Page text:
Essential HPC tools – tmux

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In this blog post on Advanced Research Computing tips, one of our Research Software Engineers, Dr James Allsopp, gives some tips on logging into Linux-based systems such as BlueBEAR and Baskerville, using tmux.

Whenever I have to remote into a Linux-based system, one of the first things I look for is a program called tmux. tmux is short for “Terminal MUltipleXer” and it solves two problems you can run into on remote systems.

The first of these is that any process you run only lasts as long as the process that spawned it, so if you start something running and you lose your connection to the remote machine, bad luck, time to start again. In the past, this was solved with a program called nohup, but with tmux, you can just log back into the system and reattach to your tmux session, and your task is still running. This is really useful for slurm interactive sessions and nohup won’t help here.

The next, and probably more useful, is the situation where you’ve logged into a remote system, and you’d like to look at a file in an editor, whilst running commands in another window, without having to keep leaving the editor. Previously you would have had to SSH in twice in two separate windows, but what tmux allows you to do is to multiplex multiple terminals into one SSH connection, so that with two key presses you’ve a new terminal already logged in to the remote machine.

Starting tmux

So how do you start with this? Both the University of Birmingham HPC systems (BlueBEAR and Baskerville) have tmux installed, so just log in with SSH, and type in tmux:

Having done that, you’ll get a screen that looks very similar to the previous screen, but with a line across the bottom:

This line is tmux’s addition to your terminal window, the important bit is 0:bash* which says that this window is in tmux’s zero position and the asterisk says it’s currently in use. All tmux commands are preceded by a prefix key which you have to press first, the default is <ctrl>-b, but if that’s conflicting with other applications, you can find out how to change this here with some other hints besides.

Creating new windows

The next thing to do is to create a new window for your editor or another process, and we do that with <ctrl>-b c. You’ll now see that two windows are showing in tmux’s status bar:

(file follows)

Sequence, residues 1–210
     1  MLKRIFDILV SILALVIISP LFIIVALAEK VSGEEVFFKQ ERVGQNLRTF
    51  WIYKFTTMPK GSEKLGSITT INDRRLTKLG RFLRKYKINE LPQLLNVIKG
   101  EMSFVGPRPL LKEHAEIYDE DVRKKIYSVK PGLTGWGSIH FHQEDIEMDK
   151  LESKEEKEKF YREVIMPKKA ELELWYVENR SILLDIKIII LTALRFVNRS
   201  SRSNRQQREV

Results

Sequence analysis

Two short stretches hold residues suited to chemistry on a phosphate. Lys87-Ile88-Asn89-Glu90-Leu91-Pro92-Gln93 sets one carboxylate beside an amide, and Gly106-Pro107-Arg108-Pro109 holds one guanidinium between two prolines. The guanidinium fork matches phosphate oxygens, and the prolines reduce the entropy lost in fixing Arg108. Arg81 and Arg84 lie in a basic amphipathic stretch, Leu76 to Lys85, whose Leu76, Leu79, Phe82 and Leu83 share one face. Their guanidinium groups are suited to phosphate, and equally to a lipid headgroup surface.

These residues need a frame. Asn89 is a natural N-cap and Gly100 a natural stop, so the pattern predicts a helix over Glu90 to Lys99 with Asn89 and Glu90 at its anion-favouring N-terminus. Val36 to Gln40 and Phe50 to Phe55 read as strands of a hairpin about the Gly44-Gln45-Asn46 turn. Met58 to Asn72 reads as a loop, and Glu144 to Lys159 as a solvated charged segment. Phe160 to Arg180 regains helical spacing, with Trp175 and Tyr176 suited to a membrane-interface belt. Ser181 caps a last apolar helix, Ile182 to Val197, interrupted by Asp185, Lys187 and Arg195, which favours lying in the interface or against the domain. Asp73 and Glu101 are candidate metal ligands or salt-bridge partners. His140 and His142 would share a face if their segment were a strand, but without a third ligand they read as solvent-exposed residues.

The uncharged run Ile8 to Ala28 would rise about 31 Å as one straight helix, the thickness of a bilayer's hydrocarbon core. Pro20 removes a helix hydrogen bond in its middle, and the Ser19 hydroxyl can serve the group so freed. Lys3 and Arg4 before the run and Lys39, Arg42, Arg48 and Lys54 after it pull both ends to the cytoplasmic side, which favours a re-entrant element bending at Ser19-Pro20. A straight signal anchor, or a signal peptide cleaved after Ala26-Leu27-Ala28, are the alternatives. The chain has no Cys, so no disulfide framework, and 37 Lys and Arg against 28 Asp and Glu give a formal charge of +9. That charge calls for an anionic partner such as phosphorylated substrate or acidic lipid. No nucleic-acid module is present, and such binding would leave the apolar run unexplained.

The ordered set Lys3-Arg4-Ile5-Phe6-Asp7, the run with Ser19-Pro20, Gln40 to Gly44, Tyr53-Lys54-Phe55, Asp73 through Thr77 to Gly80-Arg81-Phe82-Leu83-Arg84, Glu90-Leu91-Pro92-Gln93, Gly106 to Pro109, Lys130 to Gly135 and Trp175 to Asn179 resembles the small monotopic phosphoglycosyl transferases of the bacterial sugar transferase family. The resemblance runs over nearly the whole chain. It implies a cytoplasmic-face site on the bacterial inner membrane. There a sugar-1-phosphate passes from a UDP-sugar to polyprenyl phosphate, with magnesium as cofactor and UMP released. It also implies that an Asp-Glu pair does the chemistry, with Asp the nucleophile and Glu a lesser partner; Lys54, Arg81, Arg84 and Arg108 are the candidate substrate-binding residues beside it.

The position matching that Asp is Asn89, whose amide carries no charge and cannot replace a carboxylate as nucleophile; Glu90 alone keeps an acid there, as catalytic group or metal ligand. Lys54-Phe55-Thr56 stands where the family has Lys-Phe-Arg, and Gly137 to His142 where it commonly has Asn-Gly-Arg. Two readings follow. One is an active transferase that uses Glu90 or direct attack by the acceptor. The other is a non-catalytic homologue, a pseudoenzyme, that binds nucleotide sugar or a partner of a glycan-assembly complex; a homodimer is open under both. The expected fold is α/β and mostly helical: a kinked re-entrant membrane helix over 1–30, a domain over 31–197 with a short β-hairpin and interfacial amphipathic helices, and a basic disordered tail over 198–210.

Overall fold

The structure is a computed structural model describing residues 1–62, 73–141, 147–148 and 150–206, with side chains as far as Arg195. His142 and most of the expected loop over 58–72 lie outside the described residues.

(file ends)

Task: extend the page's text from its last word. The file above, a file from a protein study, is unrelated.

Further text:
Moving between windows

The asterisk has moved to the second of these (1:bash) indicating that this is now the window we’re working in. To move between these, you can either use the <ctrl>-b <window number> e.g. <ctrl>-b 0 or use <ctrl>-b p and <ctrl>-b n, short for previous or next. After doing this, we can see that the asterisk has moved to the other window:

Renaming windows

After a couple of windows, it can get hard to keep track, so you might want to rename your windows to give them more sensible names. We can do this with <ctrl>-b ,  then enter the new name of the window, in this case, “First Window”:

Eventually, you might just want to bring up a list of all the windows you have open, and this is easily achieved with <ctrl>-b w. If you want to close a window, just use <ctrl>-b &.

Closing a session

Finally, to close a tmux session, use <ctrl>-b d. Next time you login to a computer, you can reattach to a session by typing tmux a at the command line, and everything will be back to where you left it. One caveat is that this will only work from the login node you originally started the session on before disconnecting, because most HPC systems have multiple login nodes attached to the same address. In this blog, the address links to bb-pg-login01, but on subsequent logins this could be bb-pg-login02. You can fix this once you’ve logged into another node by ssh’ing to the correct node, in this case, ssh <username>@ bb-pg-login01

This is only the briefest of introductions to tmux, we’ve not looked at multiple sessions, and how to name them, or splitting the tmux window into panes, but you can get an idea from this cheatsheet and the screen shot below:

Here’s to easier remote working and less lost work!